30 November 2011

Family rights

In previous sections concerning basic rights, I strove to take over as much convenient provisions from the Universal Declaration of Human Rights as possible – for it is a basic document dedicated to human rights from which other documents (international conventions, regulations of constitutions) are derivated and provisions of which are brief, nevertheless apposite and having their validity to this day although they require additions sometimes. Alike in this post concerning family rights, I take over four provisions of the Universal Declarations and add to them three other provisions relating to rights of children (that is a topic importance of which increased since 1945). I want make a remark in addition that this circle of rights could be incorporated into social rights but I set them aside separately.

The first provision, labeled under the letter (a), is taken over from the paragraph 3, article 16 of the Universal Declaration. It is an appropriate introductory provision, it speaks about family as a fundamental unit of society. I believe that it is not necessary to add something to it.

The second provision is taken by me also from the article 16 of the Universal Declaration, now from its first paragraph. It says that men and women, if they are adult, have a right to marry and to found a family without any discrimination and that both have the same rights in establishing the marriage and at it dissolution. It is also almost pointless to add something to this provision: it guarantees that nobody is denied to establish family (as it occurred in dictatorial states) and guarantees equal rights to men and women who used to be disadvantaged earlier. Reading this provision it occurred to me that its wording offers no specific attitude to a question of same-sex marriages that has been often solved in various parts of the world just through constitutional regulations (mostly by ban on such marriages). It is possible that the wording taken over from the Universal Declaration (that did not take existence of such marriage into account) would appear insufficiently preventing same-sex marriages in eyes of their dissenters but I believe that a European constitution should be open for both possibilities in this question and that the matter should be concluded either in the member states separately or in the concrete political practice in the course of existence of the European federation.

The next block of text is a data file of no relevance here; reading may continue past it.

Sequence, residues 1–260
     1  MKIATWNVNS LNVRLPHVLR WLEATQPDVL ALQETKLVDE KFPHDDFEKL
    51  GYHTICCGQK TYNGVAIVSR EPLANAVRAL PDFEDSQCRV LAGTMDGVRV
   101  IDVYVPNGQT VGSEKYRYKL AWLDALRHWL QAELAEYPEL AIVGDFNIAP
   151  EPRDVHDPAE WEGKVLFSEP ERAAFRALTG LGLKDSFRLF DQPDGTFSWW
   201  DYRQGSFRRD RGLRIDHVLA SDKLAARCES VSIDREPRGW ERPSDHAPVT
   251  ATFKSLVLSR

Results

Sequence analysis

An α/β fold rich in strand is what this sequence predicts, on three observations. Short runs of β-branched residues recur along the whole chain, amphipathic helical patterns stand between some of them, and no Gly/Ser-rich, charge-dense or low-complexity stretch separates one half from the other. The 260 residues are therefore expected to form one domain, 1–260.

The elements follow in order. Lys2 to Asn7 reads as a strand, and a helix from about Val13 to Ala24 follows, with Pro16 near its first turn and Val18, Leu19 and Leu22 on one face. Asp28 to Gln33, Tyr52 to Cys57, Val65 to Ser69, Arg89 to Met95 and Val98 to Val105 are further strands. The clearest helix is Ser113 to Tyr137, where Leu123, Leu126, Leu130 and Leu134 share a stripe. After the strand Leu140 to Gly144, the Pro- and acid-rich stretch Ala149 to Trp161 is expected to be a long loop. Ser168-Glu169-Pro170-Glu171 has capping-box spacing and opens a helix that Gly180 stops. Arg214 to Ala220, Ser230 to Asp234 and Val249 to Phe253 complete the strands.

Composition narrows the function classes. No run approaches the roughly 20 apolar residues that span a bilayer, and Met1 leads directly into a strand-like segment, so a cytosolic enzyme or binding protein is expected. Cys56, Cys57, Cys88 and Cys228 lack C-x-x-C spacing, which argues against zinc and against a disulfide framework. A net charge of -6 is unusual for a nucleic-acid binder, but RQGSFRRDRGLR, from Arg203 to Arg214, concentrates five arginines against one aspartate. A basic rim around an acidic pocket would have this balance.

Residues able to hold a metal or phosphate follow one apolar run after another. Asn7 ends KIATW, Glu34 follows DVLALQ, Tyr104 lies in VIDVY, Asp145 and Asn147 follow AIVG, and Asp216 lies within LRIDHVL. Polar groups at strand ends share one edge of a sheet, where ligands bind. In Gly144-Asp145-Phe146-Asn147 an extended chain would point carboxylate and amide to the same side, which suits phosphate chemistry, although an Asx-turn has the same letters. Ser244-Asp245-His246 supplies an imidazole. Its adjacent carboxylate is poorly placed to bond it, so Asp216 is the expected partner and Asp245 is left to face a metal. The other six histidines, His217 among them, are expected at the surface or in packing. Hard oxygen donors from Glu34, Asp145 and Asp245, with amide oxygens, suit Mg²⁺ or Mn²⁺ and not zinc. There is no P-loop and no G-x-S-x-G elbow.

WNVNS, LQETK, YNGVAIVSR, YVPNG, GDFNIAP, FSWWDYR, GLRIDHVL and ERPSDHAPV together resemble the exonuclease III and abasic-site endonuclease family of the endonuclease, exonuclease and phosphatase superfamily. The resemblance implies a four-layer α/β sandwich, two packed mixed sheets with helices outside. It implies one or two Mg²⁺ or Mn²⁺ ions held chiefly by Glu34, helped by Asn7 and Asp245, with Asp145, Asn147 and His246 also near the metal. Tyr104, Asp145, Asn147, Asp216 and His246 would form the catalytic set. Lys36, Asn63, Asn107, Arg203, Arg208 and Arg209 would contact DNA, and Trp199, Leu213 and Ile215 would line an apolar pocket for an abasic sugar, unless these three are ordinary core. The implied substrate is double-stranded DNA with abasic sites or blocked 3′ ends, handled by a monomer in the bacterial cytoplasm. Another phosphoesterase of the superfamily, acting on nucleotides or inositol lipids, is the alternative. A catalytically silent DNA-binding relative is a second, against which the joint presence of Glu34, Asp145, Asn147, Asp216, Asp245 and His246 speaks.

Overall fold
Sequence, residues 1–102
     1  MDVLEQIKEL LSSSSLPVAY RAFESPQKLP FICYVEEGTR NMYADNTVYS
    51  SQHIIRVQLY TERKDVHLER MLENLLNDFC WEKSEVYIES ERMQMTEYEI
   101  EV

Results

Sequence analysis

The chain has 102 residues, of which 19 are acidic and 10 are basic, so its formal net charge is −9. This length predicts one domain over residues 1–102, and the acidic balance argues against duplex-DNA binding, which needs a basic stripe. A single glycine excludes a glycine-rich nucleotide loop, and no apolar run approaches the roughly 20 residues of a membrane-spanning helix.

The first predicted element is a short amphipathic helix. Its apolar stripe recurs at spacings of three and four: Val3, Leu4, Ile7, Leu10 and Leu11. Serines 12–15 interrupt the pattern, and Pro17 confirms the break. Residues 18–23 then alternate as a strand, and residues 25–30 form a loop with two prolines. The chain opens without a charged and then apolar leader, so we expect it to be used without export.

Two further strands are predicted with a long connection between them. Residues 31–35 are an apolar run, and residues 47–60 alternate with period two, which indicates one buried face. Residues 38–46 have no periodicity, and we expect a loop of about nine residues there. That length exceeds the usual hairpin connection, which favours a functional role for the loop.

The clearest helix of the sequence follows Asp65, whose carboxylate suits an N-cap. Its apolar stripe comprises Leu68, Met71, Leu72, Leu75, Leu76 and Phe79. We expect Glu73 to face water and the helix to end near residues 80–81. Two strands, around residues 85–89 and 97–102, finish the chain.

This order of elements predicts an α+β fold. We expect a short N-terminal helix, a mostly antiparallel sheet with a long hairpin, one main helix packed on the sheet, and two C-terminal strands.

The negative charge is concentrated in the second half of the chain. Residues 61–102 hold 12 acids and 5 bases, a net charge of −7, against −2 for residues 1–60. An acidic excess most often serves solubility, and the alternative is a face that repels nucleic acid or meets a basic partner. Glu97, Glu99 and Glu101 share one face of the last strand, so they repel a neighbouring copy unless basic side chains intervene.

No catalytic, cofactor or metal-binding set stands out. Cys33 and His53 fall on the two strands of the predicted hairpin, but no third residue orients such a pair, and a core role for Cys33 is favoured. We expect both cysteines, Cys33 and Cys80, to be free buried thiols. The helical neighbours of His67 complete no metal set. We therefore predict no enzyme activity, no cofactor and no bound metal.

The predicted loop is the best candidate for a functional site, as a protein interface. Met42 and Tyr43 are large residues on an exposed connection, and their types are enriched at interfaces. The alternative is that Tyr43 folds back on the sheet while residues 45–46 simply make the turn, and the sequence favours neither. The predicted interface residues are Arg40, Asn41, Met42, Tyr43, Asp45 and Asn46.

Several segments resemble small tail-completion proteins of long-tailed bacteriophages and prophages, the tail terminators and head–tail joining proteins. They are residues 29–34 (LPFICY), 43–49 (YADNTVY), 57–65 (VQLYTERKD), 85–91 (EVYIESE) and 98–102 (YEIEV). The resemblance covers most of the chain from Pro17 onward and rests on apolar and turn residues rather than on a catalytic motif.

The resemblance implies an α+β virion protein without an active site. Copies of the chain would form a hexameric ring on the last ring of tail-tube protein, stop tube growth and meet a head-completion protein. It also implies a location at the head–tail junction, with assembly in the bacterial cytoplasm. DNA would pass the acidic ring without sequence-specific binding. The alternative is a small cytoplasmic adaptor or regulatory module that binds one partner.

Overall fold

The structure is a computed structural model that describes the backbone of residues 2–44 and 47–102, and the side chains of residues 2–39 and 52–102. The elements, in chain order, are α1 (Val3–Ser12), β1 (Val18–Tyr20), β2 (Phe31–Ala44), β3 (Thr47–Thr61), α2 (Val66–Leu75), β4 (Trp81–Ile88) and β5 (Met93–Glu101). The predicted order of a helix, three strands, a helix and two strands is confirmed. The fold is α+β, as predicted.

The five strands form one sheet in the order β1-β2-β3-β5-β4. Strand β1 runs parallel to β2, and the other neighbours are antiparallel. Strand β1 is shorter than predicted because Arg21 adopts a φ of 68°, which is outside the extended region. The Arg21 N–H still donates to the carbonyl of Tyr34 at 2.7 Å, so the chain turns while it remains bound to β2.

My suggestion of the following provision – the letter (c) – is again literally taken over from the Universal Declaration, from its article 16, paragraph 2. According to it marriage shall be founded only with the free and full consent of both spouses. It is again a provision to that anything can hardly be added – it is expression of liberty of every person to decide whether it wants enter into marriage or not and with whom.

The following letter (d) of my suggestion is the prime provision that concerns children. This provision is still (literally) taken from the Universal Declaration (from the article 25, paragraph 2). According to this provision extramarital children should have equal rights as children born in marriage. But the provision specifies not what rights belong to both groups of children (the rest of the second paragraph of the article 25, not taken over by me, speaks about special care and assistance that belongs to childhood which is also unspecified). By that reason and because more attention is paid to children rights since 1945, I completed the previous provision with with three other suggestions that are absent in the Universal Declaration. Two of these provisions come from the Charter of Fundamental Rights of the European Union which manifests that rights of a child are fairly well expressed in it which somewhat contrasts with not very proper protection of social rights in it.

The suggestion of letter (e) is literally taken over from the Charter of Rights, from the first paragraph of the article 24. It says that children have a right to care necessary for their well-being and to free expression of their view.

I took over (as the letter (g)) also the third paragraph of the same article 24 of the Charter of Rights that determines rights of a child to be in touch with both parents unless it is contrary to interests of it. This provision can be understood in two ways: on the one hand as a common appeal that a child should grow with both parents, on the other hand as an appeal that a child should be enabled to keep touch with both parents after they have divorced. I comprehended it in the second sense, so I completed it with one more provision:
Suggestion of the letter (f) is literally taken from the constitution of Portugal (article 36, paragraph 6). It says that children cannot be separated from their parents save that the parents meet not obligations towards them and that the separation must be based on a judicial decision. These specifications are absent in the Charter of Right, even though the third paragraph of its article 24 had the same meaning as the quoted provision of the Portuguese constitution.

That is all what I wanted to involve in the section of familial rights. I will publish its specific constitutional wording after publishing remaining three groups of rights, namely property rights, cultural rights and concluding section about enforcing the rights.